By: ptiffany Wed, 20 Jun 2012 20:16:30 +0000 It’s nice to have some straight-talk once in a while. Where has it been the past five years when all we got was B—S— Artist (BSA)-speak hyping the “positive” effects of “Quantitative Easing” (creating gobs of Cyber Dollars) on stock market prices and the returns of the One Percenters?

“So-called recovery…” Maybe Catfish will be willing to accept Paul Krugman’s (Nobel Laureate in Economics) assessment that we’re in the Third Depression. Maybe a few people will read his book, “How to Get Out of This Depression”. Maybe pigs will learn to fly. I still dream that truth will out.

By: DaveSr Wed, 20 Jun 2012 19:50:32 +0000 The trick, that the government seems to be missing, is that you need to live within your means and not over extend. That’s what gets people in trouble. The iPhone app, Purchases Tracker, has helped my family take control of our spending and cash flow. It helped us to cut out those purchases that we did not realize we were making and we have moved that money over to our retirement accounts. We are now back on track for our retirement, thanks to the iPhone app, Purchases Tracker by Suburbia Apps.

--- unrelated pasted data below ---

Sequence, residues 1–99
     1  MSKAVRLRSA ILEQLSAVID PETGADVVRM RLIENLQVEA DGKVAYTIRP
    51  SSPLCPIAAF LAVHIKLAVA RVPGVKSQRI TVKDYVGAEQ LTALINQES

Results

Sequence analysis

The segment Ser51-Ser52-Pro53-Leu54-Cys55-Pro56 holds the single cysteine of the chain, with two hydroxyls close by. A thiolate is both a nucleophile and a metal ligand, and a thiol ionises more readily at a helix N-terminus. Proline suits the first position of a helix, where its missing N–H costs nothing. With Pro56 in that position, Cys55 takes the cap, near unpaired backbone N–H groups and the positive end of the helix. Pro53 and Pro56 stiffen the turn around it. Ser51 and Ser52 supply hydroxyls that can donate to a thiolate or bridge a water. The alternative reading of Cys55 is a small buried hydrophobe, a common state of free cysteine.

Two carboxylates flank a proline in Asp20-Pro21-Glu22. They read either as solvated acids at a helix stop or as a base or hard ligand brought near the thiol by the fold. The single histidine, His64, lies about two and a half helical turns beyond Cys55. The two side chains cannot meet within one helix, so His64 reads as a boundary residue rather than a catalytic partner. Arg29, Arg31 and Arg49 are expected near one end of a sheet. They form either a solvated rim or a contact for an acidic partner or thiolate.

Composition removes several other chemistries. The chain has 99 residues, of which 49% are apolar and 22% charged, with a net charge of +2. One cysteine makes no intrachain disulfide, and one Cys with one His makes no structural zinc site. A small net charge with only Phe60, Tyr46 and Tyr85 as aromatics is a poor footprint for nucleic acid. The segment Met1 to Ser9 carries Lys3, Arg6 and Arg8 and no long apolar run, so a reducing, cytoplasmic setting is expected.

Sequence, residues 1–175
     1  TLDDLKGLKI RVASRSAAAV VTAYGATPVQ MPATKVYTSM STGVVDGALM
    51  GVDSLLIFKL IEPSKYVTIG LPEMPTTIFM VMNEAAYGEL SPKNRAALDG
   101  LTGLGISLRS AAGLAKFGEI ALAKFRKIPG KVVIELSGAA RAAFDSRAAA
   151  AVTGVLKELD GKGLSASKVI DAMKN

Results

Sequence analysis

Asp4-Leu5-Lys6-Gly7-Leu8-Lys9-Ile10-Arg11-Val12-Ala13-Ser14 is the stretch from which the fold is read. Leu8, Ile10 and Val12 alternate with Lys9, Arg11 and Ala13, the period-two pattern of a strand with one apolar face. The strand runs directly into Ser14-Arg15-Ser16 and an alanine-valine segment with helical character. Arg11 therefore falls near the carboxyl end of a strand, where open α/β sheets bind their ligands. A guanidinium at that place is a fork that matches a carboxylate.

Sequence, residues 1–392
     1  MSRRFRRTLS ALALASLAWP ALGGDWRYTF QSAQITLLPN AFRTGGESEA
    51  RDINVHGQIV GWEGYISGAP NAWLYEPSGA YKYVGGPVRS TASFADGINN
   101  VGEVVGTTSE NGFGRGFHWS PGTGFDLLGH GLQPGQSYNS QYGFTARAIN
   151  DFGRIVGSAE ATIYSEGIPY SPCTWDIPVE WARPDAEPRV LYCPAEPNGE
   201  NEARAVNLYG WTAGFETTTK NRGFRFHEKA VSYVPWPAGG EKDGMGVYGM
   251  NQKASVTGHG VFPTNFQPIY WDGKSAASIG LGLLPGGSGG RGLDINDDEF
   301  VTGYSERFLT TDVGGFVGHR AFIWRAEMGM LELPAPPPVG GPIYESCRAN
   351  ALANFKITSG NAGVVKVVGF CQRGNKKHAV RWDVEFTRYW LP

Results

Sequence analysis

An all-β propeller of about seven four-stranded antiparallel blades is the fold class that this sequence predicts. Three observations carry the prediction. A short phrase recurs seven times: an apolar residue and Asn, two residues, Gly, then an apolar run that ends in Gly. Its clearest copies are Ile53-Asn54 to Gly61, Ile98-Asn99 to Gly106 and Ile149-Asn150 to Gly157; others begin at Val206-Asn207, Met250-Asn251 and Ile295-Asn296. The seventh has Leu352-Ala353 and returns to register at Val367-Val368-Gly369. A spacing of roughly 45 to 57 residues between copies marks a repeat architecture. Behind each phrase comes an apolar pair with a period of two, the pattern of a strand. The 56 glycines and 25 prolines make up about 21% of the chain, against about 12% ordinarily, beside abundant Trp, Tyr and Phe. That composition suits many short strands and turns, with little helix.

By: MrRFox Wed, 20 Jun 2012 19:43:45 +0000 @UE –

You got it – Wall Street’s got it wired. Why not – they own DC, don’t they?

IMO you’re a million miles off the mark if you think that promoting general business was/is the motive for ultra-low rates, rather than pouring net income onto bank balance sheets. The real economy doesn’t need or want rates this low – financial services and government need them like you need oxygen.

By: UselessEater Wed, 20 Jun 2012 19:34:31 +0000 Why lend when they can make money the easy way

Dirk van Dijk, writing for the investor website, explains what a good deal this is for the banks:
“Keeping short-term rates low . . . is particularly helpful to the big banks like Bank of America (BAC) and JPMorgan (JPM). Their raw material is short-term money, which is effectively free right now. They can borrow at 0.25% or less, and then turn around and invest those funds in, say, a 5-year T-note at 2.50%, locking in an almost risk-free profit of 2.25%. On big enough sums of money, this can be very profitable, and will help to recapitalize the banking system (provided they don’t drain capital by paying it out in dividends or frittering it away in outrageous bonuses to their top executives).”